Case Report Alagille-Watson syndrome
Indian J Child Health
DISCUSSION AS is the syndrome of paucity of intrahepatic bile ducts. It is probably inherited in an autosomal dominant fashion with variable ABSTRACT Alagille syndrome (AS) is also known as arteriohepatic dysplasia, Watson Miller syndrome, and syndromic bile duct paucity. It is rare autosomal dominant genetic syndrome with incidence of 1 in 100,000 live births. The major manifestations include paucity of interlobular bile ducts, characteristic facies, posterior embryotoxon, vertebral defects,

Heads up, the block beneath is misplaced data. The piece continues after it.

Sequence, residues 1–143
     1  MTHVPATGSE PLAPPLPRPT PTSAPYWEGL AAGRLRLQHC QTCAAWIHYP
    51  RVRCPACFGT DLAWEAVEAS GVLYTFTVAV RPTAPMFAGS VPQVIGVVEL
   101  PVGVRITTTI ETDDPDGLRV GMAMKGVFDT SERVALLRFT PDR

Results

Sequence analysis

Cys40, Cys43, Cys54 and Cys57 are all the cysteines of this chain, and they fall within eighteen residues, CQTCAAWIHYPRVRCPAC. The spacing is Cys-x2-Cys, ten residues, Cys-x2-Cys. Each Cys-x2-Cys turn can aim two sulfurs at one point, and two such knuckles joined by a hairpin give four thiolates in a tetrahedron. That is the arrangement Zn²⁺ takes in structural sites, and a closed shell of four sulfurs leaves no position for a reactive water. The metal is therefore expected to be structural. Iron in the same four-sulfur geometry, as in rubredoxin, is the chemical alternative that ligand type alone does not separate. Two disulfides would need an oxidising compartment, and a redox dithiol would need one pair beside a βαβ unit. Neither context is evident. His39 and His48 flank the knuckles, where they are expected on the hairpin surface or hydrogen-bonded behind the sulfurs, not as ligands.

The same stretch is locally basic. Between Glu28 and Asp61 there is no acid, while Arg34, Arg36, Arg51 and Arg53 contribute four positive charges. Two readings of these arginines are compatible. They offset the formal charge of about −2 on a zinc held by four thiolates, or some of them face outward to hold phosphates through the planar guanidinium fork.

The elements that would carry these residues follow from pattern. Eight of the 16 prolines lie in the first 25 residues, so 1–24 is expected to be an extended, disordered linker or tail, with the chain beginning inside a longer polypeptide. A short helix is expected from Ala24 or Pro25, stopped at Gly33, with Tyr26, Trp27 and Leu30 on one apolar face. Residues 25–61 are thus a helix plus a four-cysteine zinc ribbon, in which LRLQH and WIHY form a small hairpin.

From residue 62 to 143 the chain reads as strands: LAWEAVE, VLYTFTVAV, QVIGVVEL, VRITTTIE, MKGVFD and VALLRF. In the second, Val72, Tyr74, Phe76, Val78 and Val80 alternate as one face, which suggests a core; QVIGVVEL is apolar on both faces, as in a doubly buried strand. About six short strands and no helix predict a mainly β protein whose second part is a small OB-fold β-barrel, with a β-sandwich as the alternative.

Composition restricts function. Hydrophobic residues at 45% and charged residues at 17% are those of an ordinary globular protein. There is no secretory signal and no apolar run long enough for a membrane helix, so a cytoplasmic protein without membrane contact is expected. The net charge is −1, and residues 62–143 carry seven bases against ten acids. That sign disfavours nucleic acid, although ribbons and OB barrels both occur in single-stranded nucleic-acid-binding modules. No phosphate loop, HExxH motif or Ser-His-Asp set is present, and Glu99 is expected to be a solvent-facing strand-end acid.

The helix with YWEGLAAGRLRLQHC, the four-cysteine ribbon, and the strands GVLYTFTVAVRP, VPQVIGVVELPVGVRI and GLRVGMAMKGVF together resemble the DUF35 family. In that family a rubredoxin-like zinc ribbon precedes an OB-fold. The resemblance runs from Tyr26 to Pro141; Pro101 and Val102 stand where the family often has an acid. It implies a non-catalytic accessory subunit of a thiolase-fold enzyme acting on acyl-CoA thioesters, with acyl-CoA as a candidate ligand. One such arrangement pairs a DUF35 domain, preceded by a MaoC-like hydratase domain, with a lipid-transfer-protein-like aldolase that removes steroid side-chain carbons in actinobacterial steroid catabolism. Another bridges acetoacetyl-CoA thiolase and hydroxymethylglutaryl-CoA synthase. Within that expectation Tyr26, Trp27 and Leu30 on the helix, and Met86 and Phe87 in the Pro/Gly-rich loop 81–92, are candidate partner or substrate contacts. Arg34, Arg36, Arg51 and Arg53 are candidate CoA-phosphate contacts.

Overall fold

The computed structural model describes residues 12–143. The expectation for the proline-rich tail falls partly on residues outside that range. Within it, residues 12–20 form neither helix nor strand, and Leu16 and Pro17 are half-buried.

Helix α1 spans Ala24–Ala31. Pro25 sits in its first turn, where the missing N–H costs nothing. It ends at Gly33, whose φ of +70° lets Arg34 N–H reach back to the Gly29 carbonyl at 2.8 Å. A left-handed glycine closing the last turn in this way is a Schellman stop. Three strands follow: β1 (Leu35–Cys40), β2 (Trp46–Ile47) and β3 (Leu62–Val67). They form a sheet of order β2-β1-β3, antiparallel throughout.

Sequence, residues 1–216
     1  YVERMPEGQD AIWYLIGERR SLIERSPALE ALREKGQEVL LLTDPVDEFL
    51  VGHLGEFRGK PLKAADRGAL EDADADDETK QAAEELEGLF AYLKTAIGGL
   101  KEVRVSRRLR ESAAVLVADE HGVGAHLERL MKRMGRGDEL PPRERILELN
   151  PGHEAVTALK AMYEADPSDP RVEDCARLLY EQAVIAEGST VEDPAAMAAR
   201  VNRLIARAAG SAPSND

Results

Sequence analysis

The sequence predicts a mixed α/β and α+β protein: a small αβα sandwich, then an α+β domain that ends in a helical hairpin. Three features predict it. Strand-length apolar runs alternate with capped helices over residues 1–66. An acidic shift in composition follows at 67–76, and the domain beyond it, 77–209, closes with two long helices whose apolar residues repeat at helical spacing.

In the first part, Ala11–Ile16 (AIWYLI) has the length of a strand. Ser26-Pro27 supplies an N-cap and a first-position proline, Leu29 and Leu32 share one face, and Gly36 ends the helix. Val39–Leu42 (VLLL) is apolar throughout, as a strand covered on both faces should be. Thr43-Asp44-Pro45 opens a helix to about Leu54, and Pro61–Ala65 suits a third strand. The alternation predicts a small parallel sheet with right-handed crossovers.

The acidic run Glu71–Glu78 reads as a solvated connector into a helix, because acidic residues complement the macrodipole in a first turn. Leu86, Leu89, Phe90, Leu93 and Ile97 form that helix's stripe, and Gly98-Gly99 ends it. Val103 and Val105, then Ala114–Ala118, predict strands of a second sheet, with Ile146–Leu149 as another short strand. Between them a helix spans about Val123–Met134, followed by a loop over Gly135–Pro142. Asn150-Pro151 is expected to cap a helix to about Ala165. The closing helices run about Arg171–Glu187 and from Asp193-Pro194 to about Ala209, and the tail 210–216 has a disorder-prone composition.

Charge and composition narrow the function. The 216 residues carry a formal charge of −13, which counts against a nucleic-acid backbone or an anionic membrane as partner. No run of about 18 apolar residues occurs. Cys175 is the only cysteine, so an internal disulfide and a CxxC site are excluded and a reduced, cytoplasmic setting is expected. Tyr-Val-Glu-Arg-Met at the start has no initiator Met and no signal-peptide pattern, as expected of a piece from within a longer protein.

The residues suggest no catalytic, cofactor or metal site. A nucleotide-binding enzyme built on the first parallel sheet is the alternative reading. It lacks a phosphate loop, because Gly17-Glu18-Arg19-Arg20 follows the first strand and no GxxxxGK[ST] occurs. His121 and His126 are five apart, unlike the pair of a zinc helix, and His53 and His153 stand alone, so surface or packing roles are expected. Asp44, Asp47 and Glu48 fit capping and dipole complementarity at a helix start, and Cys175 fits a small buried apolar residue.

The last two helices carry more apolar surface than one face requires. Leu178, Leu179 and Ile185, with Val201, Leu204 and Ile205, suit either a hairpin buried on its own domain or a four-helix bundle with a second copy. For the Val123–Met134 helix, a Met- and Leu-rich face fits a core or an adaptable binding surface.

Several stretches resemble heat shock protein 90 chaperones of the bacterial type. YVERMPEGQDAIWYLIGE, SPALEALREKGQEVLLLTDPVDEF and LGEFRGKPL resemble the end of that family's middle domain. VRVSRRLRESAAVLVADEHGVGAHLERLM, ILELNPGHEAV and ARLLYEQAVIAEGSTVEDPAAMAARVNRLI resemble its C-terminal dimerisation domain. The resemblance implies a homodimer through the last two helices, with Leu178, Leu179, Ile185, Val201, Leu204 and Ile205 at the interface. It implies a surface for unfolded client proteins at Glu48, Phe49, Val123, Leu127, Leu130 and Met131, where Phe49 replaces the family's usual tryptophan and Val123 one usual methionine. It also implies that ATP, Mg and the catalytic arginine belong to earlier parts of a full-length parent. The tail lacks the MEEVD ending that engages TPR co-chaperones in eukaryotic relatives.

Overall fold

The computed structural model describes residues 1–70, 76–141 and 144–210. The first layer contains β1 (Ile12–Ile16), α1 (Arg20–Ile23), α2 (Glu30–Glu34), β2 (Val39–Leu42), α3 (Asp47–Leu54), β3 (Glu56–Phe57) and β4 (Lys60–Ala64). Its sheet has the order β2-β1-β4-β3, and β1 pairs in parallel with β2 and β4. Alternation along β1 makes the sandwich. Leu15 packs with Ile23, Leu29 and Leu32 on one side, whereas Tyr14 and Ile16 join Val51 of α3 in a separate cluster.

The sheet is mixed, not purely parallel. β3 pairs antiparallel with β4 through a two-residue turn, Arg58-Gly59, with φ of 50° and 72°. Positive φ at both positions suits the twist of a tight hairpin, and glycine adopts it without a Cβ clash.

... ertebral defects, and peripheral pulmonary stenosis. A developmentally normal 14-month-old male toddler born of a non-consanguineous marriage presented with progressive jaundice since 4 months of age and was associated with generalized pruritus, high-colored urine, and pale-colored stools. On examination, broad forehead, pointed chin, low-set eyes, xanthomas over the cheek, and posterior embryotoxon were noticed. Ultrasonography showed hepatomegaly and ectopic kidney, and blood investigations revealed anemia, conjugated hyperbilirubinemia, raised serum glutamic pyruvic transaminase, and serum glutamic oxaloacetic transaminase, with altered triglyceride and cholesterol levels. Liver biopsy revealed paucity of intrahepatic bile ducts and diagnosis of AS. The above case report stresses the need to look for any dysmorphic features in a case of neonatal cholestasis as AS, though rare, is a cause of neonatal cholestasis.